The new, required NSF Project Pitch allows startups and small businesses to get quick feedback at the start of
their application for Phase I funding. Startups or entrepreneurs who submit a three-page Project Pitch* will
know within three weeks if they meet the program’s objectives to support innovative technologies that
show promise of commercial and/or societal impact and involve a level of technical risk. They will also get
additional guidance and feedback from NSF staff.

If your Project Pitch is a good fit for the program, you will receive an official invitation from NSF to submit a
full proposal. If you’re not invited to submit, you’ll be told why your project is not appropriate for the
program.

Keep in mind how NSF looks at Technical Problems. To NSF, there are two types of technical challenges:
science problems and engineering problems.

  • A ”science problem” is one that involves establishing a new scientific principle, model, technique,
    method, or some other innovation that pushes forward the state of the art for the relevant area.
  • An engineering problem uses existing techniques, models, methods, and principals to solve a
    problem.

Both are real problems, both can be very challenging that require resources (people, time, money, etc.),
but they are different kinds of challenges. NSF likes to fund proposals that include a “science problem”
during Phase I (to establish feasibility of the innovation), then funds the engineering problems of product
development in Phase II. They generally will not be interested in funding a proposal that has only an
“engineering problem” in Phase I.

With this in mind, along with your company information, you’ll have to outline four key elements in your
Project Pitch:

  • The Technology Innovation (Up to 500 words) Describe the technical innovation that would be the focus of a Phase I project, including a brief discussion of the origins of the innovation as well as explanation as to why it meets the program’s mandate to focus on supporting research and development (R&D) of unproven, high-impact innovations (REVOLUTIONARY vs. EVOLUTIONARY).
    • Describe the innovation and the envisioned product
    • What “science problem” related to the innovation still needs to be proven?
    • What about the innovation is new, unstudied, unproven, unique, risky or otherwise describes the “science problem?”
  • The Technical Objectives and Challenges (Up to 500 words) Describe the R&D or technical work to be done in a Phase I project, including a discussion of how and why the proposed work will help prove that the product or service is technically feasible and/or significantly reduce technical risk. Discuss how, ultimately, this work could contribute to making the new product, service, or process commercially viable and impactful. This section should also convey that the proposed work meets the definition of R&D, rather than straightforward engineering or incremental product development tasks.
    • Describe the specific goals you propose that will establish that you have solved the science problem described in part 1. Provide a measurable acceptance criterion for each goal you describe. These goals should not be stated as tasks.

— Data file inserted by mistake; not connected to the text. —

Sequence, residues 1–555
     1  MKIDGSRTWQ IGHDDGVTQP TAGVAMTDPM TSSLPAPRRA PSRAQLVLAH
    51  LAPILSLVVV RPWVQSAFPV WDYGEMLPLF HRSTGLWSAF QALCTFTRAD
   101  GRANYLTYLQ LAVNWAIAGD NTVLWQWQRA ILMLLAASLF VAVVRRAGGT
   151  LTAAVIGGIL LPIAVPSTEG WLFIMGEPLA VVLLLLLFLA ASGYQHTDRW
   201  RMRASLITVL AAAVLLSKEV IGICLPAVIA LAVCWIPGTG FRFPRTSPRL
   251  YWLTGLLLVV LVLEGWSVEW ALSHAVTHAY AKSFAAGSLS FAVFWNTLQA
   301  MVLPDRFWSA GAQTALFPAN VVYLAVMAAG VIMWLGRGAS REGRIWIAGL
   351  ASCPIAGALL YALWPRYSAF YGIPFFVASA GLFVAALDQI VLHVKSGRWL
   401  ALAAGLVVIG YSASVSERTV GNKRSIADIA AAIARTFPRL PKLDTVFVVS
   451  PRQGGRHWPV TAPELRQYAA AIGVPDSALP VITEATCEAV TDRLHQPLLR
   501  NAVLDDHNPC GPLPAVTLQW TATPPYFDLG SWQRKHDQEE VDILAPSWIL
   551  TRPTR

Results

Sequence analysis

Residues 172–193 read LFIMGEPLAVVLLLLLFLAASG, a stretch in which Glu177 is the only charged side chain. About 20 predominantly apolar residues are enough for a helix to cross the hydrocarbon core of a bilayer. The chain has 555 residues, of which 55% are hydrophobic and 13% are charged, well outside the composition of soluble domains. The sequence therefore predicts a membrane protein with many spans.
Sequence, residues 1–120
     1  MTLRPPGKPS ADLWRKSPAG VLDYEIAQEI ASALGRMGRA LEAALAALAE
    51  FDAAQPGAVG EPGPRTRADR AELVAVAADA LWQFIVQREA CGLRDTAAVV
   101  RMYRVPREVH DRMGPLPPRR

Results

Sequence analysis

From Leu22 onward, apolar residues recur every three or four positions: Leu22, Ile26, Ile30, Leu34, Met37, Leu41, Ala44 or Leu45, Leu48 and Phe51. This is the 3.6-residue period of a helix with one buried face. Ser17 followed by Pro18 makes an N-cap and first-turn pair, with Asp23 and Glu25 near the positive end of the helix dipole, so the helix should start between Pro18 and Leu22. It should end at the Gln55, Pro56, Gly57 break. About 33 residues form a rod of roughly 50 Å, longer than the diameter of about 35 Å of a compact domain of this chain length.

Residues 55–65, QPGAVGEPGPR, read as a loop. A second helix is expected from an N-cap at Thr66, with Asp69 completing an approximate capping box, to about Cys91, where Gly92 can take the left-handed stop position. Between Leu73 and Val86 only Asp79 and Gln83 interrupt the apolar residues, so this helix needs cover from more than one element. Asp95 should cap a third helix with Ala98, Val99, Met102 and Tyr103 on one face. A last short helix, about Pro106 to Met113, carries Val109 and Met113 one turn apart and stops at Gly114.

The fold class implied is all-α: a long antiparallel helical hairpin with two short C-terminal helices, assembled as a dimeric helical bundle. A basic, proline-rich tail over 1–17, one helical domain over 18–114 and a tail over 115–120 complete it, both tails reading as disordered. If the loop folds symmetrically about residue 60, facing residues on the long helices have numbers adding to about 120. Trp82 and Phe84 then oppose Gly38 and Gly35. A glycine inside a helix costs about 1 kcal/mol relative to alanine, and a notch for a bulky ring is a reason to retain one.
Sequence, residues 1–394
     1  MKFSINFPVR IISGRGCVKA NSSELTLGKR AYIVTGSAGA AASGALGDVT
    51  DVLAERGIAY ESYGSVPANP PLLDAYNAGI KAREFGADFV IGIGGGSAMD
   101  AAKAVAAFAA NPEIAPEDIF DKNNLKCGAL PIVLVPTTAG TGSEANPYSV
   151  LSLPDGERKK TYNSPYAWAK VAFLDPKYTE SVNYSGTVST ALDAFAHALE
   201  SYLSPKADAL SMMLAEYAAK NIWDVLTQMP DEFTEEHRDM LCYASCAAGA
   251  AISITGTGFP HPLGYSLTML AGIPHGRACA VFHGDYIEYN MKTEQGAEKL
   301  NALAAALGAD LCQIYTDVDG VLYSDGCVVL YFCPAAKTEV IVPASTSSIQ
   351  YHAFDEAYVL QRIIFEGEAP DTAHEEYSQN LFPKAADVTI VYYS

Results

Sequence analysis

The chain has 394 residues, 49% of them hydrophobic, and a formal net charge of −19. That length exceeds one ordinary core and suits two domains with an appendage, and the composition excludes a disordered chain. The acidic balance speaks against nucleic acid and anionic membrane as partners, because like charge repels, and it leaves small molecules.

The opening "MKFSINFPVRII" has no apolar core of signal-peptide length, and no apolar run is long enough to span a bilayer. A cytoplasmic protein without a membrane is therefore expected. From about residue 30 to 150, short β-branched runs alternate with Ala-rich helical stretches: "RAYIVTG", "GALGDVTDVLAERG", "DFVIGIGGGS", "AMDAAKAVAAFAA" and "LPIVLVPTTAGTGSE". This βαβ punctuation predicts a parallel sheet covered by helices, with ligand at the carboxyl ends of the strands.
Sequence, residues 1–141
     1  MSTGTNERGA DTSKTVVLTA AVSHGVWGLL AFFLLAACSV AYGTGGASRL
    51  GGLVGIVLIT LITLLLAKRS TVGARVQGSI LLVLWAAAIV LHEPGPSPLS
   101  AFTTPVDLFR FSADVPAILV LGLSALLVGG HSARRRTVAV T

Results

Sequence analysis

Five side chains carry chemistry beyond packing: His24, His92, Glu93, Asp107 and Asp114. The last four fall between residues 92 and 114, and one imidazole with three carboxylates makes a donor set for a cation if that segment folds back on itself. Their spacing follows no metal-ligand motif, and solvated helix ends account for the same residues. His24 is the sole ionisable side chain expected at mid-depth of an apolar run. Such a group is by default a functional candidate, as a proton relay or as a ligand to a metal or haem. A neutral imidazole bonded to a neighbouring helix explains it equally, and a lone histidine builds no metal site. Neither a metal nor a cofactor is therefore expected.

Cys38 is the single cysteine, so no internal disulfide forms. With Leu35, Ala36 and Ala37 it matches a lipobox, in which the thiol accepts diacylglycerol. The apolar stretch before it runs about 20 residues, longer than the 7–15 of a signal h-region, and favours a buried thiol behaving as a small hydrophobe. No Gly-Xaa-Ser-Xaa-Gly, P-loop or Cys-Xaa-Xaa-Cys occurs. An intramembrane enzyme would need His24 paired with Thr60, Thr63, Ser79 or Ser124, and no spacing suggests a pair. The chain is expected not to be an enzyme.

• How will reaching these goals establish feasibility of your proposed innovation?
    • Provide key tasks for each goal that show how you will conduct the research necessary to collect quantitative data that can answer the question of whether you reached your goal.
  • The Market Opportunity (Up to 250 words) Describe the customer profile and pain point(s) that will be the near-term commercial focus related to this technical project.
    • Describe the problem faced by the marketplace. What are the pain points felt by prospective customers? What are the current solutions, and what are the weaknesses of the current solutions?
    • Provide a brief profile of target customers
    • Describe anticipated market or market segments, including market size and initial target market. Indicate the extent of your customer discovery efforts (i.e., attended I-Corps, conducted xx number of customer interviews, etc.)
    • Emphasize the significance of both the market opportunity and the societal impact (i.e., show how it is large enough and important enough to justify NSF’s investment).
  • The Company and Team (Up to 250 words) Describe the background and current status of the applicant small business, including key team members who will lead the technical and/or commercial efforts discussed in this Project Pitch.
    • What are the origins and long-term goals of the company?
    • How many current employees (part & full time)?
    • Brief description of the proposed Principal Investigator
    • Mention other key staff, including all staff with experience in product development and/or fundraising (even if this experience was with a different company).
    • Don’t forget to include your business and commercialization advisers and expertise as part of your team as well.

Visit the online form to submit your Project Pitch or to preview the required fields. More details about the
NSF’s new process and eligibility requirements are on the NSF Apply page.